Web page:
Local taxi operators have been looking into the IT systems available overseas for customer smartphone GPS tracking of available cars and shuttles. A while back What if? provided links to sites explaining this technology for use across public transport, taxis, and private vehicles for commuter ‘own’ use, including door to door service. Suits a city like this incredibly well.

  9. Hype O'Thermia

    MUCH more feasible than a conventional buses-on-bus-routes system. The public isn’t living with inflexibility nowadays, whether hours of work, or movie and TV watching, or reading only dead-tree books for pleasure and research. Waiting at bus stops for transport that gets you not particularly close to where you want to go – or missing the bus by 15 seconds when there’s not another for over an hour.

  10. Elizabeth

    ### November 23, 2012 – 5:59pm
    New bollards temporary measure to protect cyclists
    A series of bollards that have appeared on the one way system near the Queens Gardens are in place to protect cyclists.

  11. Elizabeth

    ### ODT Online Sat, 24 Nov 2012
    DCC seeks urgent cycle safety action
    By Rosie Manins
    The Dunedin City Council is urgently addressing safety issues for cyclists on the one-way state highway system through Dunedin, following the death of a cyclist on Cumberland St on Monday. Dunedin Mayor Dave Cull said discussions between councillors and staff about cycle safety began a while ago, but the death of Dr Li Hong (Chris) He this week highlighted the need for an urgent solution, which might include temporary measures while permanent changes are considered. Councillors and staff would meet early next week to determine what the council could do within the regulatory framework, what the NZTA was responsible for and how the organisations could work together.
    Read more

    • ### ODT Online Fri, 17 May 2013
      Parking changes to boost cycling safety
      By Chris Morris
      Dunedin’s central city parking is in for a shake-up as part of a push to improve cycle safety on the city’s one-way streets. Dunedin City Council staff have confirmed changes to on-street parking along Cumberland and Castle Sts, including removing some parks, modifying others and adding new parks in other location. The reshuffle will mean at least 81 individual changes across 17 sites, and possibly more, although the net result will be the loss of just three parking spaces from the city, a report by council transportation planning manager Sarah Connolly said.
      Read more

      Report – Council – 20/05/2013 (PDF, 8.6 MB)
      Update Regarding Cycle/Pedestrian Safety on One-Way Sections of State Highway 1

      • ### ODT Online Tue, 21 May 2013
        Parking changes for cycling safety approved
        By Debbie Porteous
        Plans to rejig parking to improve the safety of cyclists on Dunedin’s main thoroughfares have been approved after many questions and some criticism from city councillors.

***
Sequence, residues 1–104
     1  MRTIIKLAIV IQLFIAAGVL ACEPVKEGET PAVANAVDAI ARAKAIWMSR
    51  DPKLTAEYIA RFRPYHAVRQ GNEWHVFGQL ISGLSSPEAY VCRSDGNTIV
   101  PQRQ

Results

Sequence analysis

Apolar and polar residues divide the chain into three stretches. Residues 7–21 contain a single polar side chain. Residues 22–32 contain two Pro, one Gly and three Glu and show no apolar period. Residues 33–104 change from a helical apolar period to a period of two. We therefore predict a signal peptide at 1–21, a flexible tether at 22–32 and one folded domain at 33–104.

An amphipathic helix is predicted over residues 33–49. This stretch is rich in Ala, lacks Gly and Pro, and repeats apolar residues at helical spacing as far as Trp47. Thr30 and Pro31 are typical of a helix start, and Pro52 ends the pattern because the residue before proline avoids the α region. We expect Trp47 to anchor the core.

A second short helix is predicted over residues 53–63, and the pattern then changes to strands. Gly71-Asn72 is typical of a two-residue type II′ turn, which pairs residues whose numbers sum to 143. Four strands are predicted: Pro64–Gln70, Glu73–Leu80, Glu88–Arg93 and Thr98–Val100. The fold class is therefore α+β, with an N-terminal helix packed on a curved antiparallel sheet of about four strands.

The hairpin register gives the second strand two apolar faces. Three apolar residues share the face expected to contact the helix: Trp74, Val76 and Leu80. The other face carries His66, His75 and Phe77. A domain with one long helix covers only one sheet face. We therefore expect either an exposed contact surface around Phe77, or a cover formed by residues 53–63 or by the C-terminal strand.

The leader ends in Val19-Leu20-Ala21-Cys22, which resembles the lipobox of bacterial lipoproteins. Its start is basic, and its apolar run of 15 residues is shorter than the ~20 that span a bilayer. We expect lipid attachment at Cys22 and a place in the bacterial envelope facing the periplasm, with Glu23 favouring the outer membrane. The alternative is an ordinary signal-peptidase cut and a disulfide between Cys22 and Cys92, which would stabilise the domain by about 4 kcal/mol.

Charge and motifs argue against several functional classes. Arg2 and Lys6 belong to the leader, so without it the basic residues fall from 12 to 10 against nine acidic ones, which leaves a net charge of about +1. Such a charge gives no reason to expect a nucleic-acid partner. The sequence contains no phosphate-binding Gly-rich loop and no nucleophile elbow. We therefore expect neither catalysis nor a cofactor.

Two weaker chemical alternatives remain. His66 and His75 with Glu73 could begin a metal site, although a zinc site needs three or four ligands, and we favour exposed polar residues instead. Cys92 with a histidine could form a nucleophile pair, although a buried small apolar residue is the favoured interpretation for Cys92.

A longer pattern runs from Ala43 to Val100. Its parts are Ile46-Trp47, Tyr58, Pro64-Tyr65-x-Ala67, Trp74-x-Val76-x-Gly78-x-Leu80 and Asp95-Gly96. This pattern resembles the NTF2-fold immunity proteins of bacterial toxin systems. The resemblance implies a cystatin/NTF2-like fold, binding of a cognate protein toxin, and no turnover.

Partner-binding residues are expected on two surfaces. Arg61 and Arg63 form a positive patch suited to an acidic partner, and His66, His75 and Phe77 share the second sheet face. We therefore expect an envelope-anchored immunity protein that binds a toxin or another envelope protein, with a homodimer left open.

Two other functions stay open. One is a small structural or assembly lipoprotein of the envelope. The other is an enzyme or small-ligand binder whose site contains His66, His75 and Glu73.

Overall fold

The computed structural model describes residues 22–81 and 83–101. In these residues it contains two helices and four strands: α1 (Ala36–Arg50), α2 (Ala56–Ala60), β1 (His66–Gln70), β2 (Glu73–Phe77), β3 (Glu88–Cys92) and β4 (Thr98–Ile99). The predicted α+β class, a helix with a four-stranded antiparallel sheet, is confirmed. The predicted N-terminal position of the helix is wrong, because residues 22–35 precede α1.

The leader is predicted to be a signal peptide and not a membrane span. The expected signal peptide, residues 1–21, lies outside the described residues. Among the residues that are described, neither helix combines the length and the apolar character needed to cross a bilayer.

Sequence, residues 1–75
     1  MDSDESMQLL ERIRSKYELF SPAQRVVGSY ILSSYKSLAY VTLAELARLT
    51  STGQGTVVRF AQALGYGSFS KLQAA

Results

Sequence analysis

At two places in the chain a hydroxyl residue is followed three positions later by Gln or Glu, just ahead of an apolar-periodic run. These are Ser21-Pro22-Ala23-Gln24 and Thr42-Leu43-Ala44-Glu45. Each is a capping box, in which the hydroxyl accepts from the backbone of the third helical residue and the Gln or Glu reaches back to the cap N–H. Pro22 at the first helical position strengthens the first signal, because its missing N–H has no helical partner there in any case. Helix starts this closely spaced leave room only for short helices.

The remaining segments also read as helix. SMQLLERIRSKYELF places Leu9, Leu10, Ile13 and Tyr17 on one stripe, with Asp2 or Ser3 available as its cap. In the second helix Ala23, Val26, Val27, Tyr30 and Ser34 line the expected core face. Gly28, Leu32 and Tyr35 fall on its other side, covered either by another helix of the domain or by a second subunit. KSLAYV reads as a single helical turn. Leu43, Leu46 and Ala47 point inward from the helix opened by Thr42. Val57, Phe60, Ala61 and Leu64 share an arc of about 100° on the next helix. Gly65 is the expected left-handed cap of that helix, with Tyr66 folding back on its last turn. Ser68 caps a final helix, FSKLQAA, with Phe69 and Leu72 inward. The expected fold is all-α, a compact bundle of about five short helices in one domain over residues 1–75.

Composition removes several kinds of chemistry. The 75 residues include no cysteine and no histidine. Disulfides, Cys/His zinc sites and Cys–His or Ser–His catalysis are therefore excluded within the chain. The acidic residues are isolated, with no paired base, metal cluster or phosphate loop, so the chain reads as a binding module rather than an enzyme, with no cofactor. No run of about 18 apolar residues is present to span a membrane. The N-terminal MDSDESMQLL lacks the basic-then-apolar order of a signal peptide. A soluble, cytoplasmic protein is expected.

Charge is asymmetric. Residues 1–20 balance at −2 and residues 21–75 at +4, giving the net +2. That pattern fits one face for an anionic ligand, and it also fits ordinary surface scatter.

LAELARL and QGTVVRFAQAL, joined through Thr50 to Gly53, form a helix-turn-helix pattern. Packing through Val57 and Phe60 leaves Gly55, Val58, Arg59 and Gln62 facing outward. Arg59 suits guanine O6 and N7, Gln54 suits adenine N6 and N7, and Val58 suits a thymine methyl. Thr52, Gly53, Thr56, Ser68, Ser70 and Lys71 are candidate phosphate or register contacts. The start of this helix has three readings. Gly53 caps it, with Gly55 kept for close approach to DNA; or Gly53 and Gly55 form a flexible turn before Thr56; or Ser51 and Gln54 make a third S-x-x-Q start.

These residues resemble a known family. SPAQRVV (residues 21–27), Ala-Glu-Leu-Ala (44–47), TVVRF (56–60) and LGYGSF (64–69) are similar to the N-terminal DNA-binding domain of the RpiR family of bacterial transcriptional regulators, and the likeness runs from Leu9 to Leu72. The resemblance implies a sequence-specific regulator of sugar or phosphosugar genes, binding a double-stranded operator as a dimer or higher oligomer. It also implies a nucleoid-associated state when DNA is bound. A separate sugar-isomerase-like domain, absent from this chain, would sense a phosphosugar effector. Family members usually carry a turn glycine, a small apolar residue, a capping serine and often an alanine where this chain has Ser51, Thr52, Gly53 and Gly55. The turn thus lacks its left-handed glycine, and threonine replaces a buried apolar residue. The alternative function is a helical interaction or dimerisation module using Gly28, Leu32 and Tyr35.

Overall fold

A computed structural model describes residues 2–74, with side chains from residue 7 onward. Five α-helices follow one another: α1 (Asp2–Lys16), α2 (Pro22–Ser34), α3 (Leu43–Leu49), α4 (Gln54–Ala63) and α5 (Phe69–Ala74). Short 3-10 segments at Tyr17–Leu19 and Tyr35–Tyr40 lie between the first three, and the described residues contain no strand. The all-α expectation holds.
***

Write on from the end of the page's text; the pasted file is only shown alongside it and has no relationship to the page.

Councillors at a council meeting yesterday had a series of questions on design and technical issues for council staff and the NZTA, as well as queries about the the level of consultation that had been undertaken to this stage.

        The changes already supported by affected parties will be implemented pending discussions with the Southern District Health Board about an alternative location for a pick-up/drop-off zone for services on the Cumberland St side of Dunedin Hospital.
        Read more


        ### May 21, 2013 – 6:41pm
        Council votes on cycle safety matters
        The DCC has voted to move on short term options to improve cycle safety in Dunedin, with more changes in the pipeline. The vote followed an extended debate on a problem that has resulted in death and injury on city streets. And it heralds a future response that may see major changes for motorists.

        • ### May 23, 2013 – 6:38pm
          Community cycle forum intended to give voice to everyone
          A week that began with passionate debate on cycle safety is drawing to a close with a thorough look at the city from the vantage point of a bicycle seat. A community cycle forum to give voice to everyone from the DCC to cycle groups is just beginning as this bulletin goes to air.

        • F*** Double F*** !!!!

          ”Cycling initiatives are popping up in almost every part of our city. There’s a huge groundswell in the community of interest in cycling in all its forms.” -Liability Cull

          ### ODT Online Fri, 24 May 2013
          City to lead country in cycle safety
          By Rosie Manins
          Dunedin is set to lead the country in cycle safety. Projects worth more than $47 million will form a cycle network unlike any other within urban New Zealand, those at a forum in Dunedin heard last night.
          Read more

  12. Elizabeth

    ### ODT Online Wed, 28 Nov 2012
    DCC pushes for urgent action on cycling
    By Rosie Manins
    Dunedin City Council chief executive Paul Orders is writing to the New Zealand Transport Agency (NZTA) asking it to urgently address the issue of safety for cyclists on Dunedin’s one-way state highway system. At an extraordinary meeting of the council yesterday, councillors unanimously supported the motion for Mr Orders to start dialogue with the NZTA.
    Read more